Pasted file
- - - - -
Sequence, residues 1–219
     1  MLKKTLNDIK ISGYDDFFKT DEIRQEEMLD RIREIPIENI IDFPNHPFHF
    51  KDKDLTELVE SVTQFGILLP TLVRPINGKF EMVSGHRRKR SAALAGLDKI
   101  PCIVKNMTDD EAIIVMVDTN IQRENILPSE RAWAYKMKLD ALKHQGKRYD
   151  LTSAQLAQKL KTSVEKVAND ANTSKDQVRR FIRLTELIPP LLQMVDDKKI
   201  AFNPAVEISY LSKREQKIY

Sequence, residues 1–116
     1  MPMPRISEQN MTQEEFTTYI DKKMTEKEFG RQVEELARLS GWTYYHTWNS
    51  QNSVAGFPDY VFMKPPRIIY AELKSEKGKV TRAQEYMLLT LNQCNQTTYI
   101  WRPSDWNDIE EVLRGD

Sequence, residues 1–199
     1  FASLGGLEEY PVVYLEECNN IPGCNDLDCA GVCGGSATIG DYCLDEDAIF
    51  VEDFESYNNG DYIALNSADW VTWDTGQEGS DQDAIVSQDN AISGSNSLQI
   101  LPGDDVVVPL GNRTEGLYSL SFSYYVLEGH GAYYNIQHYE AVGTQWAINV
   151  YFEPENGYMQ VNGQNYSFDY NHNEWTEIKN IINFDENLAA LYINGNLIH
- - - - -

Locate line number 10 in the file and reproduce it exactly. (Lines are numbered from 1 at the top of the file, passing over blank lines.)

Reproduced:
   101  WRPSDWNDIE EVLRGD